Working for a New Day

“no one leaves home unless home is the mouth of a shark.” Warsan Shire

I look through my computer screen at a woman doing her best to raise her children. As we prepare for a Zoom tutoring session, I listen to her as she tells me her new working schedule. Nights, in a nursing home, during Covid. She comes home in the early morning hours after spending the night caring for the elders of others. She sleeps for a few hours and then takes over being the mother of several children who are home all day due to Covid. One is falling behind in his schoolwork. It’s common these days.

She looks tired but she smiles. The stress is obvious. I wonder if she experiences the cruel stares and comments so many like her do. I wonder how anyone could be cruel to her or afraid of her. She is a newly settled immigrant. She is from a western country in Africa. I don’t know her own personal story but knowing that she is a refugee from a country that is engulfed in civil war, I can imagine the horrors she has witnessed, experienced, and fled from. How is it possible to be so unkind to those who have suffered so much?

After the tutoring session with her oldest son is finished, I go online. I read an article by a local mainstream news source that my newly elected legislator refers to as fake news of the liberal left. The article is about an a man from Mexico, the country. He was recently arrested for being here, in the United States. The comments are full of hate, fear, and incredibly cruelty. Like our president, they do not see him as a person. He’s just another “illegal”, void of human qualities. Do we wonder why he is here? What did he run away from? Who does he send money back home to? Are they safe? Does he miss them? Do they miss him? Those who post such comments miss the reality that he is someone’s dad, son, brother, cousin. As I read the comments I think of this mother I am so honored to work with and the thousands like her. Doing work that many who post such comments would never do. Harvesting the food we eat. Slaughtering and preparing the meat we eat. Cleaning the homes we live in. Caring for the elderly we cannot or choose not to care for. Every family has a story. Including those seeking a safer, better life here. Why is that so hard to understand? It must be fear. Fear is so often the root of misunderstandings and prejudices and illogical thinking. Maybe it’s fear of not understanding those who look and sound different from what we are use to. Maybe it’s fear of losing power and control. I have heard some say that “they” will take our jobs. I don’t think those sharing their hate so publicly want to work in the fields, slaughterhouses, nursing homes, and hotels that so many of those seeking our safety work in.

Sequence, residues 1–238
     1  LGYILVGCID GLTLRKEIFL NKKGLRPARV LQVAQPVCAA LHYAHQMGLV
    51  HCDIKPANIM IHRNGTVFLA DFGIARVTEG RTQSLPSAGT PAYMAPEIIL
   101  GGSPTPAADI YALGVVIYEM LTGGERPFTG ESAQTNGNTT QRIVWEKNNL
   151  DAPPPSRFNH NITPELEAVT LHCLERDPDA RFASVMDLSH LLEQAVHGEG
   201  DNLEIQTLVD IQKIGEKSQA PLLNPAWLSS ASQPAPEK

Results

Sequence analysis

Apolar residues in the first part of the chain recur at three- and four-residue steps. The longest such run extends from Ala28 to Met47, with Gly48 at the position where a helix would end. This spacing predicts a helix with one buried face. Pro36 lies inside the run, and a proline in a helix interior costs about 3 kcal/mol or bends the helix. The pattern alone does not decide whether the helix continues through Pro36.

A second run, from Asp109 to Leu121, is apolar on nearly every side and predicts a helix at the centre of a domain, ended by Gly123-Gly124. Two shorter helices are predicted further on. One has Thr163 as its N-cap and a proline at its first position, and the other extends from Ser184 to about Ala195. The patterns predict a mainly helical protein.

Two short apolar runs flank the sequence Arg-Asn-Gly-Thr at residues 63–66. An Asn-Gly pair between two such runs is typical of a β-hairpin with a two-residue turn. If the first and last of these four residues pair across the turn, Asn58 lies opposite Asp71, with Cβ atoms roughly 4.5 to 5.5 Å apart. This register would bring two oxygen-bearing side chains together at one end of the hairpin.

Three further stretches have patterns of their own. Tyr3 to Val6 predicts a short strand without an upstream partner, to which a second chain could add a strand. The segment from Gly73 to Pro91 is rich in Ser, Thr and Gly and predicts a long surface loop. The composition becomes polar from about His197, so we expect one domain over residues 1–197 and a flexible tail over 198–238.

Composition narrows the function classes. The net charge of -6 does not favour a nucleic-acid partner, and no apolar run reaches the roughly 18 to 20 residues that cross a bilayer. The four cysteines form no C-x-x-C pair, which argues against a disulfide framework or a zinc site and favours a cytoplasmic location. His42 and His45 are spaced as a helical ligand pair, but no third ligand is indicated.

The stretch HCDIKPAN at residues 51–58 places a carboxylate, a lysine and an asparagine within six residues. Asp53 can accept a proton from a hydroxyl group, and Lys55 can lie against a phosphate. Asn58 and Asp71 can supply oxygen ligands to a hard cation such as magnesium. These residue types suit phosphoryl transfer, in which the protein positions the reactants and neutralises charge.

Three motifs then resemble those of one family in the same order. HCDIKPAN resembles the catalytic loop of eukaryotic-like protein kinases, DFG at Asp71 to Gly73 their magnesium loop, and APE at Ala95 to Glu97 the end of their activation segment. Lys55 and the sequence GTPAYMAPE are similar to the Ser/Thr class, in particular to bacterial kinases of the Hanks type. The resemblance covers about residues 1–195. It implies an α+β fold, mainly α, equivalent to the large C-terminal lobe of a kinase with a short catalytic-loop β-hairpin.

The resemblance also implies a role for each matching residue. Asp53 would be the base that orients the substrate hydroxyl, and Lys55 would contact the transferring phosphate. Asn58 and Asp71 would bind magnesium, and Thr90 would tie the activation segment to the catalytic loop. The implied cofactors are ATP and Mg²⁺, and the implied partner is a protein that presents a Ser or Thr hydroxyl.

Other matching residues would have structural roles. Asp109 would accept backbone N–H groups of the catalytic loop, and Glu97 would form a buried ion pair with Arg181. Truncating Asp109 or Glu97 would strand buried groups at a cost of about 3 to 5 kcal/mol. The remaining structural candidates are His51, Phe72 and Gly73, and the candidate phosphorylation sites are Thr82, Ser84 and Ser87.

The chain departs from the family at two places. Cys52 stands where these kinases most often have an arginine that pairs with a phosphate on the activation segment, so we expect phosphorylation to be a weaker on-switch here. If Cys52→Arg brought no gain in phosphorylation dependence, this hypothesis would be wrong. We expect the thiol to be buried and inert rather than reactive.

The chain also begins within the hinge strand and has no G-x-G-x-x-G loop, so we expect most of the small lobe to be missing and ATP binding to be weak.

This New Year may we all find the ability and desire to stop for a second and question our prejudices, for that is what these are. Listen to the stories being told, look at the people telling them, and see them, hear them, as the persons they are. May this be a new New Year. One filled with acceptance, empathy, and compassion.

Mary

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